083-574-4551 Raoultheowl at gmail.com
The Parkes family business interests in Knysna date to the early 1890s when George Parkes bought a struggling sawmill. They started machining wagon parts and tool handles and purchased land that now has 2 800 ha of indigenousl forest as well as 600 ha of pine and gum known as Parkes forest. In 1923 they acquired Hoogekraal which lies between the old George road and the N2. This property consists of 1 850 ha of mainly natural forest and pine.
Although privately ownedforests are legally protected for conservation and felling is is only carried out by special licence and underclose supervision from SANParks. In terms of the system trees that are already dying are harvested. Yellowwods with 65% crown dieback and stinkwoods with 30% crown dieback for example. The forest is mapped into 10 sections which may only be harvested once every ten years. Their harvesting team uses an old mini-cat equipped with a winch to skid the logs out as only low impact felling and log extraction techniques are permitted.
Before harvesting the trees are marked anmd SANParks officials conduct an inspection issuing a permit for each individual tree which is then plotted on a GPS. They will also inspect the site after harvesting to evaluate the impact of the work carried out.
Geo Parkes & Sons Timber Merchants in South Africa
Yellowwood (Podocarpus latifolius)
Distribution: South African Tree Number 18. Grows snugly in mountain or coastal high forest. Found in significant amounts along the Southern Cape Coastal region and inland, also Transkei into KZN.
Timber Qualities: It has a fine texture and straight grain. Colour is yellow and turns a rich ochre when finished.
Uses: The Quintessential South African Classic. Old houses since Jan landed in Cape Town, have been finished in yellowwood, flooring, ceilings skirtings, even roof trusses and beams. Makes beautiful furniture and has been used as a contrasting wood in combination furniture � often coupled with Stinkwood, Blackwood or Imbuia.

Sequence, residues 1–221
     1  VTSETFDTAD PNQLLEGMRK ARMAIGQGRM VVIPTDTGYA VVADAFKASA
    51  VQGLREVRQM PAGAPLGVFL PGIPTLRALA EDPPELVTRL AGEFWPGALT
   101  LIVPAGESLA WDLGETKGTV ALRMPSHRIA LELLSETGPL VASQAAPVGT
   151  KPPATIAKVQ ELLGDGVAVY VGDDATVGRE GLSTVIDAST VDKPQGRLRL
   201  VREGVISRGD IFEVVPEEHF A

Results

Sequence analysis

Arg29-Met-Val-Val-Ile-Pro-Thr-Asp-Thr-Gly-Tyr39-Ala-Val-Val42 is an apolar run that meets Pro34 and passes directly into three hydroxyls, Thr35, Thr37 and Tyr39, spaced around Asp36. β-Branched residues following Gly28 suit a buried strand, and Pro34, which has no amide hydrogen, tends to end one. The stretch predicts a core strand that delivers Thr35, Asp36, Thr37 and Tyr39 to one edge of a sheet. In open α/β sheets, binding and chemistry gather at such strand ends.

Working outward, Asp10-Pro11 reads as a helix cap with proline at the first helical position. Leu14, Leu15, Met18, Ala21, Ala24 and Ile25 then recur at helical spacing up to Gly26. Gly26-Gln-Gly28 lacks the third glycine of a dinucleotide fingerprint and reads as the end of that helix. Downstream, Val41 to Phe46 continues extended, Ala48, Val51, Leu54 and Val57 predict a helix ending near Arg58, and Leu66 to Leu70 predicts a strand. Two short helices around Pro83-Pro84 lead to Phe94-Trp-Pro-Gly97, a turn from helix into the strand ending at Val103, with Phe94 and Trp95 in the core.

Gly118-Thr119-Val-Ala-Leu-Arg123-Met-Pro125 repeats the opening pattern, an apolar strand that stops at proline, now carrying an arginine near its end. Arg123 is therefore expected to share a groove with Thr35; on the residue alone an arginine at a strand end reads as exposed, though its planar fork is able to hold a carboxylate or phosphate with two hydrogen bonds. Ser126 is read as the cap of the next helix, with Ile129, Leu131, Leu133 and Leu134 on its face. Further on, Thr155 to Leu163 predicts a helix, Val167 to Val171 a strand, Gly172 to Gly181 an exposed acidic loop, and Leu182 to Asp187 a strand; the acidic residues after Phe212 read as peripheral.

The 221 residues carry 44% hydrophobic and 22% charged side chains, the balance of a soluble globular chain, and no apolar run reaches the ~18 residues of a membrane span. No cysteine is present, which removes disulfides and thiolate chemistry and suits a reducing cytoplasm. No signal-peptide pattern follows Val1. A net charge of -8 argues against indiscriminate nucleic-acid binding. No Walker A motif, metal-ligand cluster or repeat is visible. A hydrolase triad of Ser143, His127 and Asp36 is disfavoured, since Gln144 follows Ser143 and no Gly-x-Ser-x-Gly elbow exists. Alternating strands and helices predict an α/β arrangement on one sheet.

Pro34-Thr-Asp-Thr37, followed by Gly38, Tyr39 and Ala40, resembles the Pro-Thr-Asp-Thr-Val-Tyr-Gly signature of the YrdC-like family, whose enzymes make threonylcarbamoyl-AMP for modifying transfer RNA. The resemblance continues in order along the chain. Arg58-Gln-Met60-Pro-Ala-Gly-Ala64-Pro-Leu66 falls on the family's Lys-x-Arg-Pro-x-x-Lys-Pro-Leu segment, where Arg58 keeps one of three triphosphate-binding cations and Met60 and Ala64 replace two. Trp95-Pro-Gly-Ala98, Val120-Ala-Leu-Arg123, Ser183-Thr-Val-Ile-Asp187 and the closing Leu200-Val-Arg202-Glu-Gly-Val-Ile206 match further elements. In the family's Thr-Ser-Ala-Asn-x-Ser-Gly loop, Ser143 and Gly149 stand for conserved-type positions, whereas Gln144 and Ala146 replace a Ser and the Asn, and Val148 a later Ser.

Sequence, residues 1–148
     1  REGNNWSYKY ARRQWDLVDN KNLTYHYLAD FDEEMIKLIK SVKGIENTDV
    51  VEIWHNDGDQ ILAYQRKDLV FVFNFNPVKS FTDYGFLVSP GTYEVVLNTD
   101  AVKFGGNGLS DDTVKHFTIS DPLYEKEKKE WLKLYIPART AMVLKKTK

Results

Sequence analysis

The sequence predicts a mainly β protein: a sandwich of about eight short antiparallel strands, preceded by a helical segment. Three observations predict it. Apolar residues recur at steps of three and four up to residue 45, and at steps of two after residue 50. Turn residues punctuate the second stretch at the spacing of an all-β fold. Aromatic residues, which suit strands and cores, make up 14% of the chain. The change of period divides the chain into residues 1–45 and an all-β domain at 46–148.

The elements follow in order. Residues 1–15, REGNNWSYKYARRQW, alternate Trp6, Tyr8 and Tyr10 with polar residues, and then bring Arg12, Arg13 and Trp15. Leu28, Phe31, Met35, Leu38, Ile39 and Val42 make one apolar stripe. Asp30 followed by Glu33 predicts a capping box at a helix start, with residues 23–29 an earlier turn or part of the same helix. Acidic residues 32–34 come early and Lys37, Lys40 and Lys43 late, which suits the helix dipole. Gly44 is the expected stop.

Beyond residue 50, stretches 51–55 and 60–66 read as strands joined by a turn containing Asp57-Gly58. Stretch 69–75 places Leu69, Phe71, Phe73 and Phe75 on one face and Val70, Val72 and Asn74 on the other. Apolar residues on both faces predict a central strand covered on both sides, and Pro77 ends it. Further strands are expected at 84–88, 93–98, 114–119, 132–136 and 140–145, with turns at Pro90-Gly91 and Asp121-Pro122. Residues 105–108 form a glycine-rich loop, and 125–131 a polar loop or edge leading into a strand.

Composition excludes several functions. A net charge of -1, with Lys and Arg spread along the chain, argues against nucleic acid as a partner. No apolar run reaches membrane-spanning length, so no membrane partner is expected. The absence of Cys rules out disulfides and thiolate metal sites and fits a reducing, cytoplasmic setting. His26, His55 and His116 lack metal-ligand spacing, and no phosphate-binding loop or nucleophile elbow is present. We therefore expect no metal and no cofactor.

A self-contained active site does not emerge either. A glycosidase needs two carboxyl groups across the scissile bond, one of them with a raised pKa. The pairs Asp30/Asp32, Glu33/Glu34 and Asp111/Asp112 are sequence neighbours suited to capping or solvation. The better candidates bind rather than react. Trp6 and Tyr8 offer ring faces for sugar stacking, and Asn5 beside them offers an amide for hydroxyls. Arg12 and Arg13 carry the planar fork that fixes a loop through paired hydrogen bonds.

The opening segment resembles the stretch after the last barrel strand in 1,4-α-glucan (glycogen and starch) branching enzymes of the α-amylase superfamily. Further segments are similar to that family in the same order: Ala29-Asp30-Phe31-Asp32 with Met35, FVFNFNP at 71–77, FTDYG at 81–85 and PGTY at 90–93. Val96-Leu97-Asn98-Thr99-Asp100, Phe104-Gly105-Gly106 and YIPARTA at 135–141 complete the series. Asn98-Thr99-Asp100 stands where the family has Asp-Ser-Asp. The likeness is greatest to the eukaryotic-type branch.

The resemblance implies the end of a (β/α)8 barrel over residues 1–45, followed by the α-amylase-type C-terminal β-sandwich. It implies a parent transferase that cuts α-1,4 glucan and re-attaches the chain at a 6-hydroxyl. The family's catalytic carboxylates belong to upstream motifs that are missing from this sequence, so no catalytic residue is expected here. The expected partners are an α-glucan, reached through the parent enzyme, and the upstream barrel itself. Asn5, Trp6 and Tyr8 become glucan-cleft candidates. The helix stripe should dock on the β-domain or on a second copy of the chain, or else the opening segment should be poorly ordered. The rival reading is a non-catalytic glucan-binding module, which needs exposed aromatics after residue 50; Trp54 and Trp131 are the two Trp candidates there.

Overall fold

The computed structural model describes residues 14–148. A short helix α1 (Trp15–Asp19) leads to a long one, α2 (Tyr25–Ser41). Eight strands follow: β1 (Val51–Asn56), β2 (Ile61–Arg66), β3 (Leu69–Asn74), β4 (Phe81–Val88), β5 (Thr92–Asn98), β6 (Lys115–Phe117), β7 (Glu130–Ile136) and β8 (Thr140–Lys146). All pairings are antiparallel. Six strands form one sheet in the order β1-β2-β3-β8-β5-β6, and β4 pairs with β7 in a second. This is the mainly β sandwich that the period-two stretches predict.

A pale yellow-brown wood, undifferentiated between heartwood and sapwood. It has a fine, even texture, but exhibits magnificent whorls and ripples around knots. It’s dark brown bark contrasts magnificently with the yellow wood in Rustic-style furniture. It is much sought after as a furniture timber.
BLACKWOOD (Swarthoud) Acacia melanoxylon
A strong, stable wood, Blackwood has a beautiful red-brown heartwood with a pale tan sapwood. This wood is greatly sought after for all types of furniture manufacture. Seeds were imported from Australia in 1848 and the species is now well established in the indigenous forests of the Garden Route.
WHITE PEAR (Witpeer) Apodytes dimidiata
An attractive grey-brown colour with occasional purplish streaks. It is a hard and heavy wood with a fine grain. It works easily.
WHITE ELDER (Witels) Platylophus trifoliatus
This wood has a distinctive pink-brown colour with occasional yellowish streaks, and interesting grain patterns. It is even-grained and light and makes excellent furniture items and accessories.